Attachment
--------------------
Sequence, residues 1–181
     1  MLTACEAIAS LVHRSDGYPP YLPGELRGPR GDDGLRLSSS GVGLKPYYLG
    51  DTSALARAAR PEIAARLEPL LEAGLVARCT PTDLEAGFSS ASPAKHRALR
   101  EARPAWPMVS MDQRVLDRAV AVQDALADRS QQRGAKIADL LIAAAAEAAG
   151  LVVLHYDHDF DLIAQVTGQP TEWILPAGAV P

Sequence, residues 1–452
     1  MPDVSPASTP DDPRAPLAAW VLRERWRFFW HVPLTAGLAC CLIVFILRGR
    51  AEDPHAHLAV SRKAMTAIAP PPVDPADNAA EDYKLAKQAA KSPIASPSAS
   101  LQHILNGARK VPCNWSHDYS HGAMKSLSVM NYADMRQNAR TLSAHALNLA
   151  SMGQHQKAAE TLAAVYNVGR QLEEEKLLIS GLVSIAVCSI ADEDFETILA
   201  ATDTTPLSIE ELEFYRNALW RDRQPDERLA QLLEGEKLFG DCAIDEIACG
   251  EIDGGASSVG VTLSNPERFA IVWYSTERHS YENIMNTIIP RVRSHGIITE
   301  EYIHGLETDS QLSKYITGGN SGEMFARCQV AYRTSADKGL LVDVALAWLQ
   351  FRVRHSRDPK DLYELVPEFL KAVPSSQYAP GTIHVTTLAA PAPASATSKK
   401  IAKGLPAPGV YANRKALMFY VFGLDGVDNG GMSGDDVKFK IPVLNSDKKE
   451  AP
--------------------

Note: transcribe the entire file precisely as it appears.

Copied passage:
Sequence, residues 1–181
     1  MLTACEAIAS LVHRSDGYPP YLPGELRGPR GDDGLRLSSS GVGLKPYYLG
    51  DTSALARAAR PEIAARLEPL LEAGLVARCT PTDLEAGFSS ASPAKHRALR
   101  EARPAWPMVS MDQRVLDRAV AVQDALADRS QQRGAKIADL LIAAAAEAAG
   151  LVVLHYDHDF DLIAQVTGQP TEWILPAGAV P

Sequence, residues 1–452
     1  MPDVSPASTP DDPRAPLAAW VLRERWRFFW HVPLTAGLAC CLIVFILRGR
    51  AEDPHAHLAV SRKAMTAIAP PPVDPADNAA EDYKLAKQAA KSPIASPSAS
   101  LQHILNGARK VPCNWSHDYS HGAMKSLSVM NYADMRQNAR TLSAHALNLA
   151  SMGQHQKAAE TLAAVYNVGR QLEEEKLLIS GLVSIAVCSI ADEDFETILA
   201  ATDTTPLSIE ELEFYRNALW RDRQPDERLA QLLEGEKLFG DCAIDEIACG
   251  EIDGGASSVG VTLSNPERFA IVWYSTERHS YENIMNTIIP RVRSHGIITE
   301  EYIHGLETDS QLSKYITGGN SGEMFARCQV AYRTSADKGL LVDVALAWLQ
   351  FRVRHSRDPK DLYELVPEFL KAVPSSQYAP GTIHVTTLAA PAPASATSKK
   401  IAKGLPAPGV YANRKALMFY VFGLDGVDNG GMSGDDVKFK IPVLNSDKKE
   451  AP